But Martha approves of the new plan.
“I have to say, the Minnesota state fair really knows how to do things,” Rossini Olson said. “They studied many of these drive throughs throughout the nation and got feedback from many of the vendors so they really put together a great drive through. It’s so well organized.”
The parade has also helped the business stay afloat.
“It does help us out,” she said, “We have expenses that are annual, regardless, and it really helps out with that.”
For some vendors, the lack of a traditional fair in place paved the way for new opportunities.
In Iowa, when Brenda Smith Parish found out events were being canceled — first the Des Moines Farmers Market and then the Iowa State Fair — she went into panic mode.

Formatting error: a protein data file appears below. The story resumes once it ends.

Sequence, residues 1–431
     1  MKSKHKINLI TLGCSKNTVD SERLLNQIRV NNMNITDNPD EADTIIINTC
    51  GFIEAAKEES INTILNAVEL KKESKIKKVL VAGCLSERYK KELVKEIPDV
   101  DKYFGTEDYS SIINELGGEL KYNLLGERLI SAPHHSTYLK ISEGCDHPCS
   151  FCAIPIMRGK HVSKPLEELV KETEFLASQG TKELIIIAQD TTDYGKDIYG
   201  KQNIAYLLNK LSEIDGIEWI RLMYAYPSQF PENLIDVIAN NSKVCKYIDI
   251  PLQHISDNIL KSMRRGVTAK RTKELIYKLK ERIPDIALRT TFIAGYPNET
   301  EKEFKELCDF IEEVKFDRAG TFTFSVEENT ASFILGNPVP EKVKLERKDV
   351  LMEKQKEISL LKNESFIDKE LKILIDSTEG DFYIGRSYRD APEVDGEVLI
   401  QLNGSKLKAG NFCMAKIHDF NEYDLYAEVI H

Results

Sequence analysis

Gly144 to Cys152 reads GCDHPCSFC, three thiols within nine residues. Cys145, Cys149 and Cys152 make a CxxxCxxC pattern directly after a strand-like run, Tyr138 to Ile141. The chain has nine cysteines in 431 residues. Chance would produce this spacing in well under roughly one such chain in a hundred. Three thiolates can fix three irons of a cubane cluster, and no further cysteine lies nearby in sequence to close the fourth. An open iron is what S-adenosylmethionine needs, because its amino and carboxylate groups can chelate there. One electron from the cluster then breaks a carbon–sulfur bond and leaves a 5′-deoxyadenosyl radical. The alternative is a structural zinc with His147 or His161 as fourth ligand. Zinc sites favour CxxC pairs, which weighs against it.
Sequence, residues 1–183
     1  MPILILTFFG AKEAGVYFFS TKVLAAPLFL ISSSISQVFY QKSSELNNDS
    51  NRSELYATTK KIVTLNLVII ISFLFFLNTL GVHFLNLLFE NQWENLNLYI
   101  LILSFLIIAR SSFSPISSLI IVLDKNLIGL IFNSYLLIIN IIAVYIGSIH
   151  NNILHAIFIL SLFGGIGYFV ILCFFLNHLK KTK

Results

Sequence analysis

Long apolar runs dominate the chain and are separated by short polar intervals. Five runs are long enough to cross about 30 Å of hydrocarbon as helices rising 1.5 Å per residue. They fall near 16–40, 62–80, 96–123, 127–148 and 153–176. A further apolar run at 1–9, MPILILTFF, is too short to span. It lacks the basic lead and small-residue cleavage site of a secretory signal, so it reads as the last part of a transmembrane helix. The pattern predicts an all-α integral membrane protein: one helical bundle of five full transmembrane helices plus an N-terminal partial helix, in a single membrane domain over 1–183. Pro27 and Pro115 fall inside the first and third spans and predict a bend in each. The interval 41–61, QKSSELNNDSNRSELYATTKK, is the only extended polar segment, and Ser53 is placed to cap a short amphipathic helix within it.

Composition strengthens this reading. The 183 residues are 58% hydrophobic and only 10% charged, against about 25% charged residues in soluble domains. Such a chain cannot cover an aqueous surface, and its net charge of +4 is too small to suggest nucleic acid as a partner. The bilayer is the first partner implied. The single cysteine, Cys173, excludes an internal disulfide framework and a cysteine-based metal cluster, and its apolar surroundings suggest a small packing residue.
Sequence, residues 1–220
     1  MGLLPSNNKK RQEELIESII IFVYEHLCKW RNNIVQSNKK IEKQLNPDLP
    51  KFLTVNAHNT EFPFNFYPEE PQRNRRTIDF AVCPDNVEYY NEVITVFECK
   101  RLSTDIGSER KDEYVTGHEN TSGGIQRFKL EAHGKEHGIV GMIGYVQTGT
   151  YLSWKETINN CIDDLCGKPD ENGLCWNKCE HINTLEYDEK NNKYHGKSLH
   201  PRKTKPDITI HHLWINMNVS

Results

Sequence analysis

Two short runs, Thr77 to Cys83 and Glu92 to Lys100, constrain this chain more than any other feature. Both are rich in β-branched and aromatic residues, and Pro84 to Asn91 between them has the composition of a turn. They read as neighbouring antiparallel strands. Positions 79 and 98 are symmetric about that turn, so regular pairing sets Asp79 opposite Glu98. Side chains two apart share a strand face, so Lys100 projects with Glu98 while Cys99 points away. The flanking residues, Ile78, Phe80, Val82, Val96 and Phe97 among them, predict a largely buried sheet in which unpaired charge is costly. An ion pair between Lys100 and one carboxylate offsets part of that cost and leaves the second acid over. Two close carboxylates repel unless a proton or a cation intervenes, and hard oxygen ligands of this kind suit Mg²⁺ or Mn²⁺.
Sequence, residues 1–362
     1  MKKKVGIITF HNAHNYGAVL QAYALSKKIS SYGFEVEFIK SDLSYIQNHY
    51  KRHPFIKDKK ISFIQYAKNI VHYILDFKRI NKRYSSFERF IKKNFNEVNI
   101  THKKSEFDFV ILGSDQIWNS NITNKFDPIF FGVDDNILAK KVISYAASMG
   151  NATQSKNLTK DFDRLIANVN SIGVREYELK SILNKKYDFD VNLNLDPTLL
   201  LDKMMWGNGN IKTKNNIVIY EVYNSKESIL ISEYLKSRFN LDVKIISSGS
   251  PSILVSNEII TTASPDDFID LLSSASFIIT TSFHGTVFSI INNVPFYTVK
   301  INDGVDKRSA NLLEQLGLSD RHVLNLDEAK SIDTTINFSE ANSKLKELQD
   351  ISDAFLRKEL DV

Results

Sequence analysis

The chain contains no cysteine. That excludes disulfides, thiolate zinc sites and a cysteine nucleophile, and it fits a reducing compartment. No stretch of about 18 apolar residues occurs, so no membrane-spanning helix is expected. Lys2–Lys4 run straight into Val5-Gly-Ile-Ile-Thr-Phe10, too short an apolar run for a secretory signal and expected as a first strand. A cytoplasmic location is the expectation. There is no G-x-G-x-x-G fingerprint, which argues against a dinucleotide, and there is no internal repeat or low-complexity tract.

“I literally work six months out of the year, that’s my living,” Smith Parish, who owns Brenda Smith Concessions in Des Moines, said. “I thought ‘What am I going to do?'”
But, she thought on her feet and came up with a plan. The family decided to set up shop on their front lawn and started Fair Food Fridays, slinging Iowa fair classics like hot beef sundaes, jumbo tenderloins, grinders, fresh cut ribbon potatoes and more.
It attracts a line of hundreds of cars around the block — which is good, but still not as much as she’d be making with the fair still in place.
“Eleven Fridays of this equals, for me, what I would have made at the fair,” Smith Parish said.
Smith has also bought a food truck, and named it Fair Food Fridays. She’s held a steady stream of local events, including family get togethers and neighborhood block parties.
“It’s OK,” she said with a laugh, “you get what you get.”